Those cupid's bow lips pursed, as the man-child decided what to do. Then he huffed, put his feet under the chair and leveraged himself up to a standing position. He strode over to the body, being careful to avoid disturbing the broken glass or the blood pool.

"Just mind where you are walking, sunshine, or there will be hell to pay if you muck up the evidence."

"Relax Detective; don't get your knickers in a twist." He stood and stared at the body sprawled before him. The Russian, no, the Ukrainian, Greg unconsciously corrected himself and then wondered why he was believing the kid's word on this.

The youth put his cuffed hands together as if in prayer, tucked them up under his chin, and crouched down. He was looking, really looking at the sprawled body. Lestrade wondered how many dead men the youngster had seen. He showed no signs of being overawed or grossed out, despite the amount of blood. The Sergeant had seen constables pass out at a crime scene when first faced with a bloody body, but this boy seemed utterly at ease. No, it wasn't the best description- he looked absolutely fascinated.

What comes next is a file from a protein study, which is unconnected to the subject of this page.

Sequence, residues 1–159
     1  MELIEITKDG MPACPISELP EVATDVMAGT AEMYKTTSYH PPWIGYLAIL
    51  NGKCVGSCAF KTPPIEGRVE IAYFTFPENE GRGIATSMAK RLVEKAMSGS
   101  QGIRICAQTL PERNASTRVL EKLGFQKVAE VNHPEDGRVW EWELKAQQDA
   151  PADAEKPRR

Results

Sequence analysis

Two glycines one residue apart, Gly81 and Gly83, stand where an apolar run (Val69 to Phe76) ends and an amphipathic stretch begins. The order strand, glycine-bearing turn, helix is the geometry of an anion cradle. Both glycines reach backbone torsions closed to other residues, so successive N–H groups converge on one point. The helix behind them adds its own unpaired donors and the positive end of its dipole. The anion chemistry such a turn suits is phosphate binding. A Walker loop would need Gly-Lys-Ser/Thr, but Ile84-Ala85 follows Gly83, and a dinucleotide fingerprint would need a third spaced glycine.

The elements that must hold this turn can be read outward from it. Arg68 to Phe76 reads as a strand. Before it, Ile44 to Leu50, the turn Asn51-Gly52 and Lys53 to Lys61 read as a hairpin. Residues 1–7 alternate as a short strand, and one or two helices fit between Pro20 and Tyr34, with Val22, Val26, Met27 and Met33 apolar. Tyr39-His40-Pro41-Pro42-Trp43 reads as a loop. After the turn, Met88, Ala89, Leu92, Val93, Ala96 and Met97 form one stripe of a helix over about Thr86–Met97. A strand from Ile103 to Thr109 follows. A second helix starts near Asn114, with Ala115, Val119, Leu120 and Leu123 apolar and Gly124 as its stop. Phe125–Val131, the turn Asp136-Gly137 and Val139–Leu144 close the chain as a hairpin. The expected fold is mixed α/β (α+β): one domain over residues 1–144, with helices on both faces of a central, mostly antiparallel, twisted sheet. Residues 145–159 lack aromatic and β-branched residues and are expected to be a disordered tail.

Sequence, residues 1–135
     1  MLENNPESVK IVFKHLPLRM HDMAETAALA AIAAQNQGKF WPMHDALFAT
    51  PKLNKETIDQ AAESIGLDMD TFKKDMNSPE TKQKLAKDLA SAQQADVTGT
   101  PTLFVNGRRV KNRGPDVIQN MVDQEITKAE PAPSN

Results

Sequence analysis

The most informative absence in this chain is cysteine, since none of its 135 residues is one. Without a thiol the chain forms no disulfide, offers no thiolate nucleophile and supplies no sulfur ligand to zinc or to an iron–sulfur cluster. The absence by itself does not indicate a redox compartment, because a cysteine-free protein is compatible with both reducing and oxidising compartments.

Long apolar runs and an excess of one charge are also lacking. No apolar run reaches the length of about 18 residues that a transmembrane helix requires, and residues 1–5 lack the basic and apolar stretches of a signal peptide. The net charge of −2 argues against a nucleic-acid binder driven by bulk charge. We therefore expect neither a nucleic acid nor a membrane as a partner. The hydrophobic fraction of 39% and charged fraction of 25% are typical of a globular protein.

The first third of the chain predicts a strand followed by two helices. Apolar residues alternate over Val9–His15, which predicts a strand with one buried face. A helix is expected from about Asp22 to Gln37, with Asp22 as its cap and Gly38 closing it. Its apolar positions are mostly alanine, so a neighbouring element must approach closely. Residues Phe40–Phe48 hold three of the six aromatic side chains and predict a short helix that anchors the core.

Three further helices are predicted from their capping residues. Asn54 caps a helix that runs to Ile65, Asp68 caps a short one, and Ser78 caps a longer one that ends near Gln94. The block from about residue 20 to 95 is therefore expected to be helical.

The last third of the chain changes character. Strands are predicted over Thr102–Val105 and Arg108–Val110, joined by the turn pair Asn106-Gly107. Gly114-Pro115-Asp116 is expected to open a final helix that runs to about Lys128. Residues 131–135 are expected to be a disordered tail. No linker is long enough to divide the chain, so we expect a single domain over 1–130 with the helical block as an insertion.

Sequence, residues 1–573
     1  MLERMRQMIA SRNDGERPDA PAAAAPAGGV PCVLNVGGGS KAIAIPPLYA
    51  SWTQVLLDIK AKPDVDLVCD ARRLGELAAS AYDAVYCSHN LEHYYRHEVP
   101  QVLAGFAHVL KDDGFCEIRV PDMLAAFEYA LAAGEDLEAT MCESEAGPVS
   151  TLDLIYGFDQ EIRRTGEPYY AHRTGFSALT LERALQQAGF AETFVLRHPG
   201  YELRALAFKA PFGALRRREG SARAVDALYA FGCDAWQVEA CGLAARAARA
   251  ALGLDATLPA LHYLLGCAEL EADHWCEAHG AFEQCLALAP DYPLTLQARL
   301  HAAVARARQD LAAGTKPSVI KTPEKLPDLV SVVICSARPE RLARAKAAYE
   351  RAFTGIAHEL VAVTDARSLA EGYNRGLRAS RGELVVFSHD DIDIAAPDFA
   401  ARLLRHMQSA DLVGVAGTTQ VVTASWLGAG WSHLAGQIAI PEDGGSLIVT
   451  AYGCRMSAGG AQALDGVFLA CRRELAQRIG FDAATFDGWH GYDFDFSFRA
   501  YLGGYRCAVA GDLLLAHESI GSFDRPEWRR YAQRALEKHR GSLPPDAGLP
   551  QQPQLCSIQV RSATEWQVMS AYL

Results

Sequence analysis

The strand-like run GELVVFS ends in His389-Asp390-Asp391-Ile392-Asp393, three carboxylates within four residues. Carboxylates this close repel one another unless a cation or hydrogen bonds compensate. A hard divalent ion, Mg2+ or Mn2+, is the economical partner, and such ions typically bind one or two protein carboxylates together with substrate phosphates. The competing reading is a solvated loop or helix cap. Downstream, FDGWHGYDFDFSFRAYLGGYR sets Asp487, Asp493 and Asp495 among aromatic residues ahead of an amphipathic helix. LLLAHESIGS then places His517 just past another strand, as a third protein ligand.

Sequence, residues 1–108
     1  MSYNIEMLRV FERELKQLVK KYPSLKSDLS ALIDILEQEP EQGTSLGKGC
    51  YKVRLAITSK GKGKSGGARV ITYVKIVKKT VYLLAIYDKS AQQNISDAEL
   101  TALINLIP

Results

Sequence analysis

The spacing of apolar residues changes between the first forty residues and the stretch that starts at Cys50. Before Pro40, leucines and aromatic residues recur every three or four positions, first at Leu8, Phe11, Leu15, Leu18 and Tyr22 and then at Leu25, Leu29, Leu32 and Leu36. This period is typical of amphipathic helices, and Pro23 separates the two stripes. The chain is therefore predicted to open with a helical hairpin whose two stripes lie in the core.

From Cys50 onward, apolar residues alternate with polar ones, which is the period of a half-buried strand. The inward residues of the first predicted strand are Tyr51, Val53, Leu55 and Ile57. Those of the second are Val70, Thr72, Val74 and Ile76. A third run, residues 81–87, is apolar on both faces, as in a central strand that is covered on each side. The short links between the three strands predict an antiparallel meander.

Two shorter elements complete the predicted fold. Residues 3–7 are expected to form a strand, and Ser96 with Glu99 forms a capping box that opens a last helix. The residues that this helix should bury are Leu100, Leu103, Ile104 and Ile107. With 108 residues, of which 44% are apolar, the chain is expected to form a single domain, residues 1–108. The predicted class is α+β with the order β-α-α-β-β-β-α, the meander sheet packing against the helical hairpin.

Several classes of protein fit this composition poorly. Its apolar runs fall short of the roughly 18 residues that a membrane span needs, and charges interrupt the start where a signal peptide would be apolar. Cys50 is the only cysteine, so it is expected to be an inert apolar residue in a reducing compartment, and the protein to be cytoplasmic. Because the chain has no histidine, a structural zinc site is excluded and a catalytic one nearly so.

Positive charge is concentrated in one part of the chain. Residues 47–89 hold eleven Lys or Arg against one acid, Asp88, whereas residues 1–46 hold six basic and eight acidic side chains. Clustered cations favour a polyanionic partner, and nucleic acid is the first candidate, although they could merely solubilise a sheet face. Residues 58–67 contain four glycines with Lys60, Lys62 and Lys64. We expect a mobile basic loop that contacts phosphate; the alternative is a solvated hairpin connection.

The constable drifted over, his questioning of the customers completed. Greg gave him a sideways glance, somehow reluctant to take his eyes off the boy's processing of the scene in front of him. "Anything?"

"Nah, somehow they were all looking any which way except the right way when the actual attack happened." Now the constable was staring at the boy. "What's he doing, Guv?"

"Haven't a clue, Jones, but he says it isn't murder, and I'm curious as to why he would say it."

The constable's airwave radio crackled into life. "Track team four, are you in need of a SOC team?"

"Guv? Do I tell them yes, given it's a homicide?"